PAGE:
Thursday, September 18, 2008

Let go and let...

If you live in a primarily Christian society, I’m sure you’ve heard the saying, “Let go, and let God.” I have always taken the meaning of this to be don’t worry so much about micromanaging your life because bad/good things will happen that you can’t possibly predict and therefore have any control over. You should trust that God is looking out for you; accept his will and go on with your life.
There’s a very Buddhist feeling to that. You can remove God from that sentiment and plug in the ‘Universe,’ not in the sense that the Universe is interested controlling any aspect of Human fate, but that the Universe is what it is and has no concerns or motives.

Let go and let universe

I bring this up because happiness (as least for me) is something I struggle with. Yes, I know I ended my sentence with a preposition; let go grammarians. It is all of the little and big aggravations of daily life that take away my awareness of why I should be happy--or at least not so bothered and annoyed (see the previous post about fairness).

I think that the key is detachment from the world in which we were conditioned to exist; the world that was constructed by our predecessors. I’m not talking about running away to the jungle, living naked and eating berries. It’s similar to the way that Buddhists and Christians are taught to live; it’s a matter of focus.

<begin aside>The teaching of Buddhism and Christianity are the most familiar to me. I have studied both. When I refer to the teaching, I am referring to the ‘ideals’ put forth, not the actual Buddhists or Christians walking and breathing. In my experience the real world practitioners are less than ideal. <end aside>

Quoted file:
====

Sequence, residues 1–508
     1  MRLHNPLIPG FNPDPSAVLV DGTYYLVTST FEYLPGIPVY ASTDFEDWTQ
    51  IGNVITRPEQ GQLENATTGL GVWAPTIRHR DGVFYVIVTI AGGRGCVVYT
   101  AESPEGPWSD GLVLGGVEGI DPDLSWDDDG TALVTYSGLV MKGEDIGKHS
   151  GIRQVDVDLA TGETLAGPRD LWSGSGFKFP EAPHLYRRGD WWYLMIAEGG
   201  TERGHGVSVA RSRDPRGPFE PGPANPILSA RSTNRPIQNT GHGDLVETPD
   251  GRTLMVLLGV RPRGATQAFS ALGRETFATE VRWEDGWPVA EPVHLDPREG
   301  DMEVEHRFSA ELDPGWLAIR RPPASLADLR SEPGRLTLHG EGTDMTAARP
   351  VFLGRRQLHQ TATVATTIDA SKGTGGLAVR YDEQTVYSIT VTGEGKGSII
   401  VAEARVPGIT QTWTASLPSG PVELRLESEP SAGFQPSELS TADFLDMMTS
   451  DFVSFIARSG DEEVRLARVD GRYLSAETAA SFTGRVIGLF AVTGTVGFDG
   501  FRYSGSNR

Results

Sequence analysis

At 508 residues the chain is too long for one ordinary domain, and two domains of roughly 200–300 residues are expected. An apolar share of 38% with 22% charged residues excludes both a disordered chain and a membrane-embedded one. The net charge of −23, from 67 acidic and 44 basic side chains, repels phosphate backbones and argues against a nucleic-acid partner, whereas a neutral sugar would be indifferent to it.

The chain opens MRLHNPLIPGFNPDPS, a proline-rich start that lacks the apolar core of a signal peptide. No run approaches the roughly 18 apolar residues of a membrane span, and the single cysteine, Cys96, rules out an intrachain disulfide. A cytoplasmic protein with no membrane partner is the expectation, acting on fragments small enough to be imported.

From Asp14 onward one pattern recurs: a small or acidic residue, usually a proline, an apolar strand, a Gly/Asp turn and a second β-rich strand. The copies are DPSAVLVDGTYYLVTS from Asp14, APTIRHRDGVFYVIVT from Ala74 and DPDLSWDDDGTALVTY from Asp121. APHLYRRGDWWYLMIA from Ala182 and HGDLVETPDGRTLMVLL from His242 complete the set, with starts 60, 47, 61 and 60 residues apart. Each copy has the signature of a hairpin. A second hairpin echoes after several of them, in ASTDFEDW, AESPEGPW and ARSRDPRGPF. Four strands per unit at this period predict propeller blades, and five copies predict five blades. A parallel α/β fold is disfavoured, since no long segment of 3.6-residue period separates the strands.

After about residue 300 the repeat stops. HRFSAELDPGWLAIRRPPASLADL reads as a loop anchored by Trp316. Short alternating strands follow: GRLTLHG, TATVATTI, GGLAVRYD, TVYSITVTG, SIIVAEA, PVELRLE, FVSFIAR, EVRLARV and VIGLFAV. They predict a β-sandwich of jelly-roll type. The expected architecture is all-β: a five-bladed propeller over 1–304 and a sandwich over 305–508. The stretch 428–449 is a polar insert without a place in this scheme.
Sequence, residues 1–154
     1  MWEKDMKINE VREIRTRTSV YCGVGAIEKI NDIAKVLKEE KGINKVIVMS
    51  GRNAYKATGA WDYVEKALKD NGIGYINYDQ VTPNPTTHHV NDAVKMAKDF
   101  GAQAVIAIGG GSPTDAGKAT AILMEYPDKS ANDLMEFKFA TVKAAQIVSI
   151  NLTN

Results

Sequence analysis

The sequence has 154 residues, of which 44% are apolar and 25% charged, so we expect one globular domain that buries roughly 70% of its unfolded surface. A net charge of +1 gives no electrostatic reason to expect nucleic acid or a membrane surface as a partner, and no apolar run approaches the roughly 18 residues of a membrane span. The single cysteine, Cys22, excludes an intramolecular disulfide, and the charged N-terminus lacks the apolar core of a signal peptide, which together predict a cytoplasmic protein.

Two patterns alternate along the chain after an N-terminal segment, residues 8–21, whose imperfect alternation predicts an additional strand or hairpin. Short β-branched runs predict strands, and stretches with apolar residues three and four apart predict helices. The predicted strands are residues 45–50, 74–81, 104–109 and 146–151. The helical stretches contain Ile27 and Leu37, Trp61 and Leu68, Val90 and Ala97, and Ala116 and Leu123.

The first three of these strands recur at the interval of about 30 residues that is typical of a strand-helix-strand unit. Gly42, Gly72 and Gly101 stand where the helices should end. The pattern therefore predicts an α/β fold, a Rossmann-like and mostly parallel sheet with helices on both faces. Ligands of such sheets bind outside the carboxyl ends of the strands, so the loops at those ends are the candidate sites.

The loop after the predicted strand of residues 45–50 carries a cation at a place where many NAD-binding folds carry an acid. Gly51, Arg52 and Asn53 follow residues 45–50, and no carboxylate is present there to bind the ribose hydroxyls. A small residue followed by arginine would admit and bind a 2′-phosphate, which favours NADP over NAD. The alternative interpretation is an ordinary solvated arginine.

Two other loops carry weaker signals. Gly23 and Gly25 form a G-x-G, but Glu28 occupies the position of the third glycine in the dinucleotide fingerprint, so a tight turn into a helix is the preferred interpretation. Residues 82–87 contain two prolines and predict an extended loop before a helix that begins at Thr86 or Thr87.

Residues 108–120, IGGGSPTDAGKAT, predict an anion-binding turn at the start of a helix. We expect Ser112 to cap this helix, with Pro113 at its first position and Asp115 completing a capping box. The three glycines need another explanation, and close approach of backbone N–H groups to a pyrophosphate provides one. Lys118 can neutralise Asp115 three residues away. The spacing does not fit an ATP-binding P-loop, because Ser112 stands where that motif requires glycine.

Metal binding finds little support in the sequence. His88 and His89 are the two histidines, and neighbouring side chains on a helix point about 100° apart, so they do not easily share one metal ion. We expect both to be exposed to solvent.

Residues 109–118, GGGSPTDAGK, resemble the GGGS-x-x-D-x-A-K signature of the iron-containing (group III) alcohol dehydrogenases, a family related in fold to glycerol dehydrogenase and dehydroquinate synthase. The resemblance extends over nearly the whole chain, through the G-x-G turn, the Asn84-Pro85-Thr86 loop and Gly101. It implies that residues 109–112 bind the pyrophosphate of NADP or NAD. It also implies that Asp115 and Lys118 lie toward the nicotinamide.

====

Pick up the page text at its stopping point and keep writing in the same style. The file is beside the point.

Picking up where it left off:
The teachings instruct to focus beyond this life; that this life is less important than the existence after death. By accepting that and setting our focus beyond the ‘pettiness’ of this world, we can live a happier life, less bothered by the problems humanity.

To me it seems unfortunate that an afterlife (of sorts) has to be postulated in order to deal with the here and now. I know that in Buddhism there is no afterlife like that of the Christians, but there is an ‘after-this-place’ that serves a similar function at least for my point. I am trying to consider focus in my personal philosophy. Instead of focus after this life, I am trying to focus on this life as a whole.

To do this a level of detachment from the emotions caused by annoyances must be maintained. Emotions confine us to the here and now like nothing else in our lives. (On reflection, perhaps pain concretes our feet to the here and now more than even emotions—but emotions can be controlled). If I can focus (or at least be aware) beyond the here and now, then perhaps I can assess the individual annoyances against the whole and then, perhaps, I can let them go more easily.

Let go and let happy

No comments: